The Reserve Bank of Zimbabwe Governor (RBZ) John Mangudya and the Minister of Finance and Economic Development Mthuli Ncube are at each other’s throat again, this time over the Zimbabwe dollar exchange rate peg.
Mangudya unilaterally fixed the exchange rate at 25 to the U.S. dollar as the country entered a coronavirus lockdown in March, ignoring the recommendations of the Monetary Policy Committee and Ncube, a Bloomberg report claims.
Zimbabwe had been using a managed floating exchange rate system before Mangudya’s unilateral decision.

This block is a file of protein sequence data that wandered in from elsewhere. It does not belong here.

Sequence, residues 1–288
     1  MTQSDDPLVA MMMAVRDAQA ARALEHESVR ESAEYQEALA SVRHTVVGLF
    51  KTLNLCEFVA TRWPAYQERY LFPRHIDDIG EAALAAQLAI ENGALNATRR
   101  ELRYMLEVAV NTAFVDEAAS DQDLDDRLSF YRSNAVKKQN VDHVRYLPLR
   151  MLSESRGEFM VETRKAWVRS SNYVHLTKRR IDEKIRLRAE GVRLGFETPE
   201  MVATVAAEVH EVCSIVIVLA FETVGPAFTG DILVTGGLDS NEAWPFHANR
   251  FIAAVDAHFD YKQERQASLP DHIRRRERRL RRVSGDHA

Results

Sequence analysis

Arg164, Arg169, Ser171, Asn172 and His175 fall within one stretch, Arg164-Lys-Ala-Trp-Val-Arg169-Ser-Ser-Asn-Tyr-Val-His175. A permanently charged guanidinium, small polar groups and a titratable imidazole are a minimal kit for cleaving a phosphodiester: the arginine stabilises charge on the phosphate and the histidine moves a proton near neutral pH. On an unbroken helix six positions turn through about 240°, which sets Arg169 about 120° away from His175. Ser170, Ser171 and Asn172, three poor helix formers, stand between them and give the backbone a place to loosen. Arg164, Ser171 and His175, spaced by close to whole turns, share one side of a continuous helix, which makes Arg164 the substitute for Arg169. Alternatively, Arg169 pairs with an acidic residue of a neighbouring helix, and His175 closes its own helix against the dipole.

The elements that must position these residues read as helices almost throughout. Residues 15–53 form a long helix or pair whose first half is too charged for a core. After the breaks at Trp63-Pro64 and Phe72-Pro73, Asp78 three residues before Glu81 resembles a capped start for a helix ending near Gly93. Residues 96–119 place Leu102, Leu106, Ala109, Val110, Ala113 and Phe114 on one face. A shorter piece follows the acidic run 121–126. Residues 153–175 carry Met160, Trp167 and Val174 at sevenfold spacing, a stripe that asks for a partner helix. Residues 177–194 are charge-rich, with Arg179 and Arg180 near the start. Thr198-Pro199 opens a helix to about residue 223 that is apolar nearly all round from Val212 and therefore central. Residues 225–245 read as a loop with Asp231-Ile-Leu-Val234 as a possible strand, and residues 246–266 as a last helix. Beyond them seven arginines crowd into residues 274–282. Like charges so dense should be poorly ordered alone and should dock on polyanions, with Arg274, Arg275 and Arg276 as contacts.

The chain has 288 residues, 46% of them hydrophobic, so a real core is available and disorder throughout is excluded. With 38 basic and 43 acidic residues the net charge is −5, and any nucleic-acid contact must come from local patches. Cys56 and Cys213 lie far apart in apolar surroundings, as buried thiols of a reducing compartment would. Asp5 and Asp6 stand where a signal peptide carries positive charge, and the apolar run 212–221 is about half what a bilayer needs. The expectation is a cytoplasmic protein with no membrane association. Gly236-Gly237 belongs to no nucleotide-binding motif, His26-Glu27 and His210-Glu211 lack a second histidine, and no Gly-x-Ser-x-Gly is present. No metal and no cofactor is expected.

Reports suggest that this is not the first time that Mangudya and Ncube have clashed over policy issues.
Currently black market rates for the Zimbabwe dollar range between 75 and 90 per unit of the U.S. currency, a development which mirrors the grim 2008 era.
The imploding economy prompted the politburo of the ruling Zimbabwe African National Union-Patriotic Front (ZANU-PF) to summon Mangudya and Ncube last week to explain why the economy was deteriorating, the Zimbabwe Independent newspaper said.
Bloomberg could not get responses from both Mangudya and Ncube while calls to the deputy finance minister and finance secretary weren’t answered as well.
Zimbabwe reintroduced its own currency in 2019 after abandoning the multi-currency system that was dominated by the US dollar.